Step 2: Fill the reservoir until the red indicator reaches the MAX line.

Step 3: Watch the indicator over the next day or two. If it goes down on its own, it means the roots of the plant have grown into the reservoir. From here on out, ONLY water in the reservoir.

Frequently Asked Questions

Help! My monstera is turning yellow!

  • If your leaves are turning yellow, there are many things that could be causing it. First, try to ensure that your monstera is getting the proper water and light requirements. Yellowing can often be the first sign of overwatering. If these are okay, then there is a chance that your monstera might be rootbound and needs to be potted up. You can tell if it is rootbound once the non-aerial roots become exposed above ground and seem to be swirling around the pot, searching for a new home. Most monsteras need to be repotted up a size about once every 2 years.

My monstera has some browning of the leaves. What do I do?

  • Your monstera might be getting too much light and not enough humidity. While monsteras are from the tropics, these guys thrive below the canopy and don’t need a lot of light. Their leaves will quickly become scorched when exposed to too much sun. If you’re unsure about where to put your monstera, it’s best to place it about 3 to 5 feet from a window. Monsteras also appreciate a good misting to get keep their humidity levels up. For more information visit our lighting guide.

There are brown, leafless growths coming off of my monstera. Is that normal?

  • Yes! These are called aerial roots and are totally normal. In nature, this is what helps give support to the plant and also allows it to climb and reach more light. The roots will not damage walls or surfaces, and you can always prune them if they get unruly.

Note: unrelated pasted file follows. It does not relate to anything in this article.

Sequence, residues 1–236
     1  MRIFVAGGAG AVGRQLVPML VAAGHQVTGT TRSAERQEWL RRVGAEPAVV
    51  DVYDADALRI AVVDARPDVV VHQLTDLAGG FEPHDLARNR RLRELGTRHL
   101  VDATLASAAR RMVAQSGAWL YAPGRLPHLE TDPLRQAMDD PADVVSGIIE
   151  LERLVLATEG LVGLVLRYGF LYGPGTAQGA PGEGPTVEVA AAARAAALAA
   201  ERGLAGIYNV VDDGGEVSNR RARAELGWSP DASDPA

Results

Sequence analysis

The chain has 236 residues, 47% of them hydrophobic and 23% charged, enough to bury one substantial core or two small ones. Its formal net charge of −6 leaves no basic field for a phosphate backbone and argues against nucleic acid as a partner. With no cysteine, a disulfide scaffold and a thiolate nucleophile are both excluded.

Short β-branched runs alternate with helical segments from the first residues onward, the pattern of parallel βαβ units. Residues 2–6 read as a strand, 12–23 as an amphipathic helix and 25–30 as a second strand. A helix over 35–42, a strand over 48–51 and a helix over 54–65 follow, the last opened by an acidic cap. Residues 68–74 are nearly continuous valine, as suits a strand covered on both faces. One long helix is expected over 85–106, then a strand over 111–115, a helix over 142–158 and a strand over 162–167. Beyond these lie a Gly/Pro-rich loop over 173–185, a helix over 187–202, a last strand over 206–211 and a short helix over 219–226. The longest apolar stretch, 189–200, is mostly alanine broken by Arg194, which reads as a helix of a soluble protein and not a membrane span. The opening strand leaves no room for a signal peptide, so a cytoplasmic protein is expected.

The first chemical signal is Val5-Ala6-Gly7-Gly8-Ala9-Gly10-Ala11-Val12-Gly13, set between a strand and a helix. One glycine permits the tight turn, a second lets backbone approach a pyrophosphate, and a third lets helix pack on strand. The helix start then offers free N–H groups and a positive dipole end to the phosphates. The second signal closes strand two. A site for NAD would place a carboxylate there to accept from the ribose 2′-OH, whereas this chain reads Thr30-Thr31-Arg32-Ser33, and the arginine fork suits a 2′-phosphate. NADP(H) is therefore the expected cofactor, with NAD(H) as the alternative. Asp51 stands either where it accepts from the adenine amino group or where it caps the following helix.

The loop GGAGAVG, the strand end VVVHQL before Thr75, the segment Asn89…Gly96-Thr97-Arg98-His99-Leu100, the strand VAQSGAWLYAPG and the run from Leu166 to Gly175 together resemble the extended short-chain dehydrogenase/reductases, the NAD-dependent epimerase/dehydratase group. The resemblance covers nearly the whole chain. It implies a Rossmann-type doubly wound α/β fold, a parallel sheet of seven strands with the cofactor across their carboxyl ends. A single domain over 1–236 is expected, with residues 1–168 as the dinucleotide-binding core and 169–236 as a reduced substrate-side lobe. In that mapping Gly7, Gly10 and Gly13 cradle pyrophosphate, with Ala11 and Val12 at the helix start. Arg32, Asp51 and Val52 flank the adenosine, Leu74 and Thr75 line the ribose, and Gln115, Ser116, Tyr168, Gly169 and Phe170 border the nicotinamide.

My monstera isn’t forming slits or holes on its leaves. What’s the deal?

  • This can be caused by many different factors, but generally means your plant doesn’t have ideal conditions. Check in with the amount of light and water it is receiving, and adjust as needed. You can also take your plants aerial roots and put them down into the soil so the plant can absorb more nutrients. Also, your plant will only develop holes on its more mature leaves, so sometimes you just have to exercise patience.

My monstera has gotten way too big. What can I do?

  • Prune it back! These guys are very hearty and can handle a good trim. You can also train your monstera to grow whichever way your heart desires by using stakes and ties.

Can I put my monstera next to the AC / heater?

  • Monsteras are tropical plants that appreciate a humid environment. If conditions are too dry they will drop their leaves. While monsteras will do just fine in an air conditioned apartment, always avoid putting them in the direct line of fire for either AC or heating units. If the leaves are wagging from the air, it’s best to find another spot.